When did the Max Planck Society learn about the allegations?
The statement claims that the Max Planck Society immediately investigates misconduct of any sort, provided there are sufficiently concrete indications of misbehavior, to put an end to it. The accusations against Kauffmann have been known internally since January 2016, it states. Kauffmann reportedly has been taking part in training since then, and there have been no further complaints.
The Max Planck Society thus contradicts its own statements made to Der Spiegel and BuzzFeed News Germany a few months prior. In late March the society stated that it had only been informed of alleged bullying during an assessment in June 2016.
Two years passed after this assessment of bullying allegations, two years in which the Max Planck Society and the institute apparently made no changes to its complaint structures. According to an internal memo among the institute's leadership from April 5, 2018, a change to the code of conduct was first discussed in response to the report in Der Spiegel.
Interest in a public clarification of these accusations is thus especially high. Such clarification would be as good as impossible without clearly naming the institute and the professor.
In April 2018 Director Eiichiro Komatsu sent a memo to employees and graduate students of the institute. In it he admitted that it is difficult to complain about professors in the Max Planck Society. He wrote: "While we take various measures to address problems, they do not always seem to work."
He continued, "The current ombudsperson states that in the past six years since she took office, she has only been visited by two individuals. It would be naive to think that the absence of complaints means that there are none." Indeed, many more people reportedly approached the woman before she was appointed ombudsperson.
Emails have been obtained by BuzzFeed News Germany showing that at least two young researchers expressed concerns about misconduct by superiors at the institute to various authorities, including the equal opportunities officer of the Max Planck Society and the chair of the works council of the Max Planck Institute for Astrophysics.
BuzzFeed News Germany has also acquired emails and statements from Kauffmann to students in which she refers to them as "frauds," accuses them of fabricating data, and denounces them in front of other colleagues. Accusations that, when coming from such an influential researcher, can massively harm careers.
Regarding an Indian student she wrote that Indians cannot be trusted. She accused Chinese researchers of having a "bad Chinese habit" and sent them links to a medical guide so that they "will finally grow up."
Another time she wrote to a female student: "We all know that young women don't listen to elders." And, "Gay men also have their problems."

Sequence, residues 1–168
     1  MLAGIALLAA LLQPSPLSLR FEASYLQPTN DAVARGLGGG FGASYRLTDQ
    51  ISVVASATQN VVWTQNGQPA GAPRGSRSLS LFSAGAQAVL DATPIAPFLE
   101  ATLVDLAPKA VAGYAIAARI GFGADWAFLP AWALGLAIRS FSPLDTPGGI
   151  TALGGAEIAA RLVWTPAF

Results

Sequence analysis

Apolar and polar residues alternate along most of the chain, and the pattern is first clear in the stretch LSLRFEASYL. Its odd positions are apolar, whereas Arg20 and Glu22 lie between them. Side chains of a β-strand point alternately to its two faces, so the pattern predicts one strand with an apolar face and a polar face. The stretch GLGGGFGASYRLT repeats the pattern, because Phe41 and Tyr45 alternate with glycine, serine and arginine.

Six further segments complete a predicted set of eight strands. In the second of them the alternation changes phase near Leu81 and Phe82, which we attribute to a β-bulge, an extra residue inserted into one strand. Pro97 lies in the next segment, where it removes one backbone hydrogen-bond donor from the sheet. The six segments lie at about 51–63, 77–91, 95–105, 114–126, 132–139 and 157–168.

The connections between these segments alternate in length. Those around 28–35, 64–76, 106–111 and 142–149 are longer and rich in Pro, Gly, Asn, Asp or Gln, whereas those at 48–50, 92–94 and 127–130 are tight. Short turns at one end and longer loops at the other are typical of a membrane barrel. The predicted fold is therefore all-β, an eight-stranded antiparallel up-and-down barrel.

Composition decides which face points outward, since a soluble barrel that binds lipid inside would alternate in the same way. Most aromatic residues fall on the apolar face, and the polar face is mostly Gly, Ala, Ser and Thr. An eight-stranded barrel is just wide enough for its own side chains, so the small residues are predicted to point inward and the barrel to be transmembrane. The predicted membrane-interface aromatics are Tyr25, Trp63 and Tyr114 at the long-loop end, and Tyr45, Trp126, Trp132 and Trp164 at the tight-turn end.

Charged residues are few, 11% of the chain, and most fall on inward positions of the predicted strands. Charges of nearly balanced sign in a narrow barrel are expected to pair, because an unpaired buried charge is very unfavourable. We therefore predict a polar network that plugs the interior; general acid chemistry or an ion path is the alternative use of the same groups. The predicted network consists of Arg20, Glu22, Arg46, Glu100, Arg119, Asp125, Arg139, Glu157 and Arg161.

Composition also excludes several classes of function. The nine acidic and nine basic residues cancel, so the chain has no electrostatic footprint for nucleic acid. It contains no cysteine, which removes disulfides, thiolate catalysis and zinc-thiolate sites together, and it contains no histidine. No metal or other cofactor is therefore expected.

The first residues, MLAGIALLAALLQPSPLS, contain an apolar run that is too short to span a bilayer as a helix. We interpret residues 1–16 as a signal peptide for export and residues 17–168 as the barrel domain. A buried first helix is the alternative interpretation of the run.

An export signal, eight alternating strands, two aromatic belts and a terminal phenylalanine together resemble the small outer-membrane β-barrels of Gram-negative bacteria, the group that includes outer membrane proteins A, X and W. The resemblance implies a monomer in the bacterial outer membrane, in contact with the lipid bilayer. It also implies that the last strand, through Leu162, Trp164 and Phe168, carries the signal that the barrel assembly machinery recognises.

Kauffmann allegedly not only insulted students but also placed them under extreme pressure, and threatened to not extend their contracts or to fire them. According to multiple recipients, emails with personal attacks against colleagues were also sent to international colleges and thus potential future employers of the researchers in training.
"People depend on their letters of recommendation. If you get snubbed, that can be really bad for you," said Hans (a pseudonym), who is obtaining his PhD in Garching. In his first telephone interview with BuzzFeed News Germany he began by saying, "I want this all to go public." In that regard he is nearly alone at the institute. All of his attempts at directing affected individuals to BuzzFeed News Germany faltered, usually because people are afraid, he said.
In a later email Hans wrote, "It makes me furious and sad that we can't do more. We're faced with it every day and my friends have to endure it."
A scientific employee at the Max Planck Institute in Garching said that she was aware of bullying by Kauffmann and has warned future students about the professor. "Unfortunately they still took the job," she wrote.
One of the students who came to the institute despite warnings is Nils (a pseudonym), a graduate student under Kauffmann from 2013 to 2014. It is still difficult for him to talk about that time. That is the first thing that he said when BuzzFeed News Germany called him.
Everything went well for the first year at the institute, he wrote. Yet in the second year he was faced with a scientific problem that he could not solve alone. Instead of supporting him, he said, Kauffmann placed pressure on him.